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Flu epidemic leaves French hospitals in crisis

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AFP/The Local - [email protected]
Flu epidemic leaves French hospitals in crisis
Accident and emergency wards are struggling to deal with flu patients. Photo: Pascal Pavani/AFP

France has triggered its crisis response plan after hospitals raised the alarm on Thursday that they were struggling to cope with the flu epidemic that has now struck down more than two million patients.

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On Thursday accident and emergency wards spoke of a “critical health situation” in hospitals across France and called on the government to provide more beds.

"In emergency wards there are thousands of patients on stretchers, waiting for a bed. Sometimes they have to wait more than 24 hours,or have to be transferred tens of kilometers away," Christophe Prudhomme president of AMUF, the association of emergency doctors in France, told BFM TV.

“We are asking hospitals to open up extra beds and that the quality of care is the best possible to manage the situation this winter,” read a statement from AMUF.

The “over saturation of emergency services is comparable to the situation in 2003” said François Braun, from the organisation Samu-Urgences de France, referring to the deadly summer heatwave that left 15,000 dead.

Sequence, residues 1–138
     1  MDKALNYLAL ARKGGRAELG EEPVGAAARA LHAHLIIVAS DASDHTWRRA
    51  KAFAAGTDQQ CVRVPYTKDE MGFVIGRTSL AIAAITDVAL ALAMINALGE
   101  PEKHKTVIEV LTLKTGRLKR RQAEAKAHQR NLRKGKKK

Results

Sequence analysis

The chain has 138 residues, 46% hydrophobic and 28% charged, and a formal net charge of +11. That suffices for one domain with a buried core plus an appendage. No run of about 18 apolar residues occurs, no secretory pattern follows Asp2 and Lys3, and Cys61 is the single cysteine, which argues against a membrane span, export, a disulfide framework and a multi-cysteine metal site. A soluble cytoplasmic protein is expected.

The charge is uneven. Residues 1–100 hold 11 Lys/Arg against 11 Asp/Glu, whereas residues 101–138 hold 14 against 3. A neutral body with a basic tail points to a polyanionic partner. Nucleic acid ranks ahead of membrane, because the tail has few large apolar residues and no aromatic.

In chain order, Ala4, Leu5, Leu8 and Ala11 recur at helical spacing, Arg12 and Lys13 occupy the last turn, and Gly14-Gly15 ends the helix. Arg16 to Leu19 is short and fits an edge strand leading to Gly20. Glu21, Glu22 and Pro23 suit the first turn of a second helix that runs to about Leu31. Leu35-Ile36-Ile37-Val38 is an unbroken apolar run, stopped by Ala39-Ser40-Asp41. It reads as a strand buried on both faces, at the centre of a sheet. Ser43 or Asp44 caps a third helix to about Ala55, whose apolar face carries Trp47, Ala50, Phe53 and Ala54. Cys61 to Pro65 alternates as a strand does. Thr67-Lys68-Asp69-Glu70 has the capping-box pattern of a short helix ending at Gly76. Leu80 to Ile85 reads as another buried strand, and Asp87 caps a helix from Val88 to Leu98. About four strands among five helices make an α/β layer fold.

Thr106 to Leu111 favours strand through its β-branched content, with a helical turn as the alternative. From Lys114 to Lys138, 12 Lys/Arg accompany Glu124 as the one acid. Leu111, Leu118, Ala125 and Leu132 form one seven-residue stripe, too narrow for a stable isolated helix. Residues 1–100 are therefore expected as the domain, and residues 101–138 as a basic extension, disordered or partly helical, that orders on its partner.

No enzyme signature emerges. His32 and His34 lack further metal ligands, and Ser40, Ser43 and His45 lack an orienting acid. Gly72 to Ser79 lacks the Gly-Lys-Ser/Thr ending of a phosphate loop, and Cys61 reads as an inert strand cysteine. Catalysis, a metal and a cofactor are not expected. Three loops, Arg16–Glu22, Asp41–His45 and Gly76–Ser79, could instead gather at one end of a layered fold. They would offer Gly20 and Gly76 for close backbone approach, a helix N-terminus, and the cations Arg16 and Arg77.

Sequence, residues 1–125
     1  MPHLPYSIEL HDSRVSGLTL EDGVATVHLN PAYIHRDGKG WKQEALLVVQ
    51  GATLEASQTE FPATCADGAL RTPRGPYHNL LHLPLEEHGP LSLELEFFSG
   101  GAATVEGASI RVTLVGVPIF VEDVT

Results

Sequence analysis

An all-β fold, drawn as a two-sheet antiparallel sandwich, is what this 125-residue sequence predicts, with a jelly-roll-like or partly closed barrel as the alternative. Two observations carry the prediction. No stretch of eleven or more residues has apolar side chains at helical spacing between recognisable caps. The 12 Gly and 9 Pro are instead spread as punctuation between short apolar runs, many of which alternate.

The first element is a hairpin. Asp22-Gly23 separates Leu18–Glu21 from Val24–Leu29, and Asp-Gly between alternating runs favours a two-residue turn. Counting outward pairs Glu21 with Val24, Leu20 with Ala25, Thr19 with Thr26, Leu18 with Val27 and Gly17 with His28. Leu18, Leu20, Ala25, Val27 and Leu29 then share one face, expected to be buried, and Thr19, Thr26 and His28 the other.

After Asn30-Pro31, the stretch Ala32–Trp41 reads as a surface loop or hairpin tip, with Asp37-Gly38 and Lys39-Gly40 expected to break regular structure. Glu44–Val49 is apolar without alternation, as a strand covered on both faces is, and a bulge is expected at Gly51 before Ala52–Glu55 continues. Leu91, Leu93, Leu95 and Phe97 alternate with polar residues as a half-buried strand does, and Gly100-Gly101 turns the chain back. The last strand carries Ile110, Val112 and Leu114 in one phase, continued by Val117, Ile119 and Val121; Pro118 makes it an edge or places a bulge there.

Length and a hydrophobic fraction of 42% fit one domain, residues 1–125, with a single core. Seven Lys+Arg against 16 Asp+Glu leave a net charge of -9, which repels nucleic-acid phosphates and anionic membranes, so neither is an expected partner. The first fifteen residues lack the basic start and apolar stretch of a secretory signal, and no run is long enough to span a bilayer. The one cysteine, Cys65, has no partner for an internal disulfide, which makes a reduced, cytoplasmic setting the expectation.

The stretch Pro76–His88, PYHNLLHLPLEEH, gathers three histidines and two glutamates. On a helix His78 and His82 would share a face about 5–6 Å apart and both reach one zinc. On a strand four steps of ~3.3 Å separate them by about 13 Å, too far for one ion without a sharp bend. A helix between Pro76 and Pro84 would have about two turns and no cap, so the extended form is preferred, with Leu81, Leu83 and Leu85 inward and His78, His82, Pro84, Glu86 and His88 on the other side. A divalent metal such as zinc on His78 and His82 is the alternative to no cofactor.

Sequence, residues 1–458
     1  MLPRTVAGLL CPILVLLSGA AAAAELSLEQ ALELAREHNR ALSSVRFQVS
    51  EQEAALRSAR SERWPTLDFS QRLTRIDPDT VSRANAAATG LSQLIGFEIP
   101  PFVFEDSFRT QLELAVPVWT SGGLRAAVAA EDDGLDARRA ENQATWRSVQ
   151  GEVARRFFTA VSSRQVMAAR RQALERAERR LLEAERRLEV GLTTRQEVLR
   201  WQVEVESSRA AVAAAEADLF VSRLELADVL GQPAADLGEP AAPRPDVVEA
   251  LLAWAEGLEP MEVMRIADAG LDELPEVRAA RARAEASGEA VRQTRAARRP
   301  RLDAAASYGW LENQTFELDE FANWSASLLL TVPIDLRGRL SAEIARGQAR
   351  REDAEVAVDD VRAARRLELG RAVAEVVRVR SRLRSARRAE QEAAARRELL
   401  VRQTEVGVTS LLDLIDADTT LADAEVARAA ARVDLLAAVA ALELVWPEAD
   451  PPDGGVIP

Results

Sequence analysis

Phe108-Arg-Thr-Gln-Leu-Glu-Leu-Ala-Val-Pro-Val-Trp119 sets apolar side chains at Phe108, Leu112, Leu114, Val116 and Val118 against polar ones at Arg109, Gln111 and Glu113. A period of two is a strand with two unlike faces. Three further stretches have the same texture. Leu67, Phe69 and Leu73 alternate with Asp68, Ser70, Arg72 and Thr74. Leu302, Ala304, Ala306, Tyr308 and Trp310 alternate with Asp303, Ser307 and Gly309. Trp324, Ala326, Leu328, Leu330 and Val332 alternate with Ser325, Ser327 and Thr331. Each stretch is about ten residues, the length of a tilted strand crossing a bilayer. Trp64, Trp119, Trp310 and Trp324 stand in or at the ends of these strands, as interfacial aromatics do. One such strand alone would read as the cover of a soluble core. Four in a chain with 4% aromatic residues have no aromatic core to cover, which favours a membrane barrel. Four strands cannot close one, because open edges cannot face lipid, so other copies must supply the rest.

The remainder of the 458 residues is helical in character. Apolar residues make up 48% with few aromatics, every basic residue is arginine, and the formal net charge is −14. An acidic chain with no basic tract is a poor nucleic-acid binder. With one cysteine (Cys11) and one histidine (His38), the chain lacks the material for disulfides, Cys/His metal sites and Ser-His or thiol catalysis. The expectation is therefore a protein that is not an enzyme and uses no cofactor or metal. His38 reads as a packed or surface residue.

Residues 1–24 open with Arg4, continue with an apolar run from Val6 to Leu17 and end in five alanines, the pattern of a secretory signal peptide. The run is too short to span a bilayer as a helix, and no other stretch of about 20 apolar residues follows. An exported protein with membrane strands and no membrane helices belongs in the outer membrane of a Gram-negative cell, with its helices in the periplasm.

In response to the call from hospitals health minister Marisol Touraine triggered the ORSAN action plan, which helps health authorities provide care in “exceptional circumstances”.

It allows regional health authorities to demand more resources in the event of a crisis. That could include opening up extra beds or funding the costs of bringing in extra staff. 

Health authorities declared this week that the number of people affected the by the flu virus in France has now passed two million.

The Local reported at the end of January how the flu had taken hold of the country and had reached the point of an epidemic, partly due to the fact this year’s jab has been ineffective.

Experts say the effectiveness of the flu jab may not be optimal because the influenza strain that has been most frequently recorded this season is slightly different from the one used in the vaccination.

The peak of the epidemic was forecast to be mid-February.

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